How to Make Coffee in the Backcountry: Gear and Methods
Nov 15, 2019 at 4:00 pm #3618954Emylene VanderVeldenBPL Member
Bahaha! I will drink stale coffee, but I draw the line at moldy coffee. My dad is Dutch and their method for strong coffee is to leave it in the pot on the wood stove to heat for about 24 or more. It’s a bit like syrup and tastes like…. burning tar. I also draw the line there.Nov 16, 2019 at 1:35 pm #3619069David PBPL Member
Emylene, That Dutch method sounds pretty potent. As my mom would say “it’ll put hair on your chest” x^D
It’s kind of like a “reduction” like you would make with medicinal herbs. Since I’m part Dutch (thx mom) I may have to try that actually… I wonder if reduced enough you could bottle the syrup, bring into the field and just add hot water to reconstitute? Mebbe taste yucky though…
Newest Starbucks flavor (coming soon)
“Burning Tar Dutch Latte”
(spoken unintelligibly fast) Common side effects include stunted growth, heart palpitations, uncontrollable shaking, excessive sweating from palms, and lifelong insomnia. Do not consume if pregnant or nursing. Keep out of reach of small children and pets.Nov 16, 2019 at 3:12 pm #3619075Nov 16, 2019 at 5:58 pm #3619094Tom KBPL Member
“They are ground so that they are still grainy, unlike Turkish coffee, which is more like a powder.”
The times I was served mirra in Lebanon, they pounded the beans in a large brass mortar with a brass pestle just before brewing to ensure freshness. But that was over 50 years ago; now they probably buy it preground in bags(cynic in me speaking here). Either way, half a demitasse is enough to make sure you don’t fall asleep behind the wheel on the way home.
“Common side effects include stunted growth, heart palpitations, uncontrollable shaking, excessive sweating from palms, and lifelong insomnia.”
But at least you’ll die with a full head of hair.Dec 22, 2019 at 3:36 pm #3623826Greg MihalikBPL Member
Another nod of the head to Café Bustelo instant –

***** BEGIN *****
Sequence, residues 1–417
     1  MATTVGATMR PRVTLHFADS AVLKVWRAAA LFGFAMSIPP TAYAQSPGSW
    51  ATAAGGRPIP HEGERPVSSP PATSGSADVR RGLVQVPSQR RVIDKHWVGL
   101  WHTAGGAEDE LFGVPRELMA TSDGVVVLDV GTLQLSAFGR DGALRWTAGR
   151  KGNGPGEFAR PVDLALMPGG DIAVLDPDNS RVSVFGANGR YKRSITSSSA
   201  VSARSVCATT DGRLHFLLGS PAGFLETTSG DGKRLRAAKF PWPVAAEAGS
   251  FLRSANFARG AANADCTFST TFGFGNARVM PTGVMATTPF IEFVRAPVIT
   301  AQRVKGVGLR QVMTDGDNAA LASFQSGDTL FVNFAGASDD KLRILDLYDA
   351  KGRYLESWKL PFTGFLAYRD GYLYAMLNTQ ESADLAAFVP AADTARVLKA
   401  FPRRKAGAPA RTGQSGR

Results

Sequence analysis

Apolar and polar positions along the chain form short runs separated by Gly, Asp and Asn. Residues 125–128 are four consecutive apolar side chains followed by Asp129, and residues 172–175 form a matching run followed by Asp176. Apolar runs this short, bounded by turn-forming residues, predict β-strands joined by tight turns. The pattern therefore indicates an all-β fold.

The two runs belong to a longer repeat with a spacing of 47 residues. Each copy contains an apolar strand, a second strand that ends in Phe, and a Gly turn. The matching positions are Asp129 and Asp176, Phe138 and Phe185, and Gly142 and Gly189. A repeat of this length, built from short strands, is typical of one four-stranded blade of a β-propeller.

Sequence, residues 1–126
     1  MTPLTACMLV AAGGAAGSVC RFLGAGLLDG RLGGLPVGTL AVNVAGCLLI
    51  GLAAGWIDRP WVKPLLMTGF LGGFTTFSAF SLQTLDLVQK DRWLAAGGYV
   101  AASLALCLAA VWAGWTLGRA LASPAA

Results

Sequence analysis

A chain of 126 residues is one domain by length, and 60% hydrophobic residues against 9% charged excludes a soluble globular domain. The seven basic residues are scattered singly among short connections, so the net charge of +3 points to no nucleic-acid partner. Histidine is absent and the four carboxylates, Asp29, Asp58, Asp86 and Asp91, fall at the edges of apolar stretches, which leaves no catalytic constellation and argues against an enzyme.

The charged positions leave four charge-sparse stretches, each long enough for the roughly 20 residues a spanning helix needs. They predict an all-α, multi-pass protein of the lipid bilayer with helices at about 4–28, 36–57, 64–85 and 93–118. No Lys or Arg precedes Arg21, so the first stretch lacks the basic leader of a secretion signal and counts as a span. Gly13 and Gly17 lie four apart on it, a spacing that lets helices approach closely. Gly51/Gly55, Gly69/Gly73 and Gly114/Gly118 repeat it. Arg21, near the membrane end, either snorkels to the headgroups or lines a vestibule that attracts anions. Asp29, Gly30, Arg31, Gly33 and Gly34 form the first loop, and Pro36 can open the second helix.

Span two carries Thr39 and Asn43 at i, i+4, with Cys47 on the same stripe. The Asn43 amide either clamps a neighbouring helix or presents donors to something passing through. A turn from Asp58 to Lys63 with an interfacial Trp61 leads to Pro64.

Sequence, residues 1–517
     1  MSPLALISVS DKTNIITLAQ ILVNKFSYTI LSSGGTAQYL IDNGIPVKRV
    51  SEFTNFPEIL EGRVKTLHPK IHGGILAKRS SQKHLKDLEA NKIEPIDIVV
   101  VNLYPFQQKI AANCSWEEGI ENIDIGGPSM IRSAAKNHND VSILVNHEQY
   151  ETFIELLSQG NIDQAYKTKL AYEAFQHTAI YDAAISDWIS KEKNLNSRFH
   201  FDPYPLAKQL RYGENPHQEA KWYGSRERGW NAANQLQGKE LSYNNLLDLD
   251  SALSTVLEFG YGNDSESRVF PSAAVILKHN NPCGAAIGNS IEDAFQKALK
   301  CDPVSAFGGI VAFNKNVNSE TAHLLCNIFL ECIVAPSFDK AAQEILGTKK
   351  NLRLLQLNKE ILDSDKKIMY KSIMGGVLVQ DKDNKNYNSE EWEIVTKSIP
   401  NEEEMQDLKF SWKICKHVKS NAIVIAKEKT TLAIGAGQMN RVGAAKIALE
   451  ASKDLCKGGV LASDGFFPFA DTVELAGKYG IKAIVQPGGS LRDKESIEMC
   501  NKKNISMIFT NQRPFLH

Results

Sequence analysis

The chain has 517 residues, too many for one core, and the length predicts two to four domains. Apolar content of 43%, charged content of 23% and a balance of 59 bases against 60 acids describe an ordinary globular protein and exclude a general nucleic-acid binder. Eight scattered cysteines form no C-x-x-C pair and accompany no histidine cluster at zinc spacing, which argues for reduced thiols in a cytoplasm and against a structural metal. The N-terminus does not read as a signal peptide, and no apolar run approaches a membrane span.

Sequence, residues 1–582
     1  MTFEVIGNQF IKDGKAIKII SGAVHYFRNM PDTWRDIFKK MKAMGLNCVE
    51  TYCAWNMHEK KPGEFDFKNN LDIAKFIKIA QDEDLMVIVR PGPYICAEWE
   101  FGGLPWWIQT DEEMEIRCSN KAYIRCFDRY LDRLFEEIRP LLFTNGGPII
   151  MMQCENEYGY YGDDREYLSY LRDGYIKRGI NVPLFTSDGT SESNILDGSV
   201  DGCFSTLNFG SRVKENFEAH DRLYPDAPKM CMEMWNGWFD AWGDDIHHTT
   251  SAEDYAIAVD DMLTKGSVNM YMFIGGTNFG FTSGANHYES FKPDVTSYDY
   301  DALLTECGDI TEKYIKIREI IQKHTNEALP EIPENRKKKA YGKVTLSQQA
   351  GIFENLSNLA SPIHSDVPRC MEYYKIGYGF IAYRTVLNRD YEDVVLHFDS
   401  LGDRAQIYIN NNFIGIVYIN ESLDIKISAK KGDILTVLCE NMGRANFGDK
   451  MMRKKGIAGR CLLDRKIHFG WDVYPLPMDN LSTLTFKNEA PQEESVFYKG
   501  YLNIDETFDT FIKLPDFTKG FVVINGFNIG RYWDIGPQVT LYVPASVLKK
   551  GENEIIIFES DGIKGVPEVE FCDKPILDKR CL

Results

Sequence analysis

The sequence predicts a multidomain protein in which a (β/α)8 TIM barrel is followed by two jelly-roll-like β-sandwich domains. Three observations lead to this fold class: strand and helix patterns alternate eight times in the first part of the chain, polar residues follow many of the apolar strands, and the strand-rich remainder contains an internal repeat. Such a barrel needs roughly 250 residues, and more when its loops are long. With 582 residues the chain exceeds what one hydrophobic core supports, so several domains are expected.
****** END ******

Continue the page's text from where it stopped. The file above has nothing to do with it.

$12 for 72 packets is $.17 per packet and it takes 2 packets for a 12 ounce cup. The pre-portioned packets provide a consistent strength, are much cheaper than Starbucks Via, and in my opinion produce a better cup of coffee. Not as good as home brew, but excellent on the trail, or on the road.Dec 22, 2019 at 4:16 pm #3623829James MarcoBPL Member
@jamesdmarcoLocale: Finger Lakes
Does anyone perk coffee anymore?Dec 22, 2019 at 4:21 pm #3623831Mina LoomisBPL Member
@elmvineLocale: Central Texas
We sell enough of the enamelware perk pots at the REI I work at. But those aren’t backpacking-weight gear. I do often have to explain to our younger shoppers how a perk pot works–they aren’t familiar with them. I haven’t seen one small and light enough for backpacking. Plus you would have to let it simmer long enough to finish percolating, so maybe more fuel than just boil water, soak, and strain.Dec 22, 2019 at 4:34 pm #3623833MJ HBPL Member
I remember perked coffee. It wasn’t very good.Dec 22, 2019 at 8:46 pm #3623853Roger CaffinBPL Member
@rcaffinLocale: Wollemi & Kosciusko NPs, Europe
Filter (or plunger – same thing).
But I find the coffee beans themselves play a very large part in how it tastes, perhaps more so than how it is brewed.
CheersDec 23, 2019 at 1:16 pm #3623919James MarcoBPL Member
@jamesdmarcoLocale: Finger Lakes
Well, I had an old circa 1950 aluminum perk pot I used for camping for many years. It cooked everything from coffee to macaroni and points in between. The built in strainer was great for cooked veggies. It didn’t fry so well, though. It weighed in around 10oz all told and held about 8 cups. Back in those days, canister stoves weren’t. WG stoves were painfully heavy. A small cake-cooling rack, cum grill (around 4oz), over a wood fire worked well. Anyway, it made excellent coffee. But breakfast was a two hour affair.
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